That’s already triggering my sense of “oh, there’s a lot that I need to be ready for in order to dive into this program,” which was not the case.

When you read them, you will see that the bullets are well-written and hit important persuasion points.

However, some of them do reinforce the obstacles or objections that the ideal buyer has, as we found in our research.

For example, “you’re already a healer or practitioner of some kind.”

This was not true for most of the audience, even though some of the audience did identify as healers or some sort of spiritual practitioner. It would be easy as a non-healer or non-practitioner to read this and think, “Oh, this isn’t for me.”

“You’re ready to do whatever it takes.”

This is not necessarily true for our ideal buyer because they suffer from a lot of self-doubt.

“You’ve already committed to personal change.” We also knew that that wasn’t necessarily true for a lot of the audience. They were exploring Shamanism as a way to create personal change in their life, but they still struggled with getting started and starting in a way that that felt doable and not being overwhelmed.

“You believe that you can live a more spiritually connected and purposeful and happy life.”

This was, again, for a large part of the audience, not necessarily true. The act of believing that they could do this is something that was would be part of their journey inside the program. It wasn’t something that necessarily had to believe right away because they would experience it as they got into the program.

They had, at this time, a 60-day money-back guarantee in order for them to do the program, go through the exercises, participate, and experience that shift in their spiritual life for themselves. Their level of belief only needed to be high enough in order for them to take a chance to, then, be able to experience it

Many of these messages are important, such as the 60-day money-back guarantee and the messaging around being overwhelmed, let down, and finally being ready to make a change.

Before eliminating this section, we ensured that they were on the page somewhere. For the rewrite, we eliminated this section altogether and didn’t present it as a list of criteria because that was working against us according to our research.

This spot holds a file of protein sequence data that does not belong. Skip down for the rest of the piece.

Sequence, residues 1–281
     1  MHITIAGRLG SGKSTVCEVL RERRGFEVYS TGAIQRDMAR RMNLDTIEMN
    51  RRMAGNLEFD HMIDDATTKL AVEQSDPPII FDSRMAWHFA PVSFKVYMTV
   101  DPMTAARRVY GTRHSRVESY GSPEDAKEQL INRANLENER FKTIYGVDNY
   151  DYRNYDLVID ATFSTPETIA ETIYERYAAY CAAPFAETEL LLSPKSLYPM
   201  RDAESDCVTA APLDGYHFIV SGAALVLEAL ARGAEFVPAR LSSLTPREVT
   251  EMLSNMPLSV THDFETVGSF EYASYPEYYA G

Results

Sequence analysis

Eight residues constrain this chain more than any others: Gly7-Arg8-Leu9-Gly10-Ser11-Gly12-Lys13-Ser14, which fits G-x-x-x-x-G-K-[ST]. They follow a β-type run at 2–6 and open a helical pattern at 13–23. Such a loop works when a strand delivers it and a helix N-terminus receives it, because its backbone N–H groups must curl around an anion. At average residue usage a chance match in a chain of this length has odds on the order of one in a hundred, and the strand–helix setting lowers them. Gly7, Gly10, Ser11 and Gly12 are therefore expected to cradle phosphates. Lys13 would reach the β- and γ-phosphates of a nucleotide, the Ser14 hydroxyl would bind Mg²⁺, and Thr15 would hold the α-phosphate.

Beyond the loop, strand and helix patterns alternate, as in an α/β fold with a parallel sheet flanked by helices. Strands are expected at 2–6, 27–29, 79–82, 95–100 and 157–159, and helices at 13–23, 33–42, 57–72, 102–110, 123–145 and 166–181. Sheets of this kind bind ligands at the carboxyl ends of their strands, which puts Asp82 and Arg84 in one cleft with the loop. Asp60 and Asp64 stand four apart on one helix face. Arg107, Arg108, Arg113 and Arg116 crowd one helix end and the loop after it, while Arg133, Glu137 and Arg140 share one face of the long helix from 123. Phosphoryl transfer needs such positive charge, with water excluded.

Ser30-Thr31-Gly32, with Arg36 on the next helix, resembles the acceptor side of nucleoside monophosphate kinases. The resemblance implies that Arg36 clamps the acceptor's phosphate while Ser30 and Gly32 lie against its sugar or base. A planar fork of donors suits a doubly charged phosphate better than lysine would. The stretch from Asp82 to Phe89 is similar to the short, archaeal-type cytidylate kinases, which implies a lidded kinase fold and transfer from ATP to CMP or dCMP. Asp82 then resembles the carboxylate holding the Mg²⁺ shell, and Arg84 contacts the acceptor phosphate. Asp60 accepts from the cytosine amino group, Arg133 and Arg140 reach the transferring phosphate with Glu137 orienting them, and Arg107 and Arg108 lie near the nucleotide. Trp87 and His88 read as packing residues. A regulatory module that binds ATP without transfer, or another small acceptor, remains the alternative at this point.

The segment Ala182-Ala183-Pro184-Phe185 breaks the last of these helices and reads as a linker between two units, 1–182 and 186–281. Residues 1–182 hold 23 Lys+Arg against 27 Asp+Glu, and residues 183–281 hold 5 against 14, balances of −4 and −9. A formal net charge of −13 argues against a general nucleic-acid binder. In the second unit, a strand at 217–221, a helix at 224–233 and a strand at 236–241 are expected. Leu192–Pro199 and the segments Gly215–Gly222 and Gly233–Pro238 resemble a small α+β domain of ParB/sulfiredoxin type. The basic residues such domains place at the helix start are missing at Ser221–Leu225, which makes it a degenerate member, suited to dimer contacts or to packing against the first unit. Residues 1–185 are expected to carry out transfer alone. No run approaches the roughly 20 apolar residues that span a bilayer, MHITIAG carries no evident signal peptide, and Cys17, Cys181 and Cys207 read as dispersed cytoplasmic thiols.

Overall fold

The good news was that, in the research, we found a very strong recurring theme that actually made more sense here than our made-up list of criteria. And that was this sense of a calling or knowing or tug or a strong sense of rightness that came through in a very large portion of the survey responses and the interviews that we did as part of the voice of customer research phase.

The calling made the most sense for answering how do you know if this is right for you because we knew that’s how people were making decisions. It was the simplest way (and also the way that was backed by our research) for people to decide.

This switch made the decision to join a lot simpler and a lot more accessible (mentally) for the ideal buyers who had a lot of resistance, objections, self-doubt, and overwhelm in their life.

So this is what the made-over criteria section became.

This sense of calling or feeling of rightness was actually very on-brand for this spiritual program. The team that was running this training program teaches that intuitiveness is a way to make decisions, so this approach was more on-brand with the company than the previous one.

The calling insight is something that the founding team actually decided to use in a lot of their marketing materials. It was not only on-brand and the way that they teach but also the way that people make decisions.

So you can see here we have the same messages just presented in a slightly different way.

I cannot stress enough the importance of doing your VOC research and understanding your ideal buyer on a deep level. Because, as you can see in this example, a copywriting best practice that has worked for others might work against you if it’s not right for your audience.

But you won’t be able to see that if you don’t do your research.

And as always, if you need help getting inside your best buyer’s brain and crafting copy that supports sales instead of sabotaging them, let’s chat.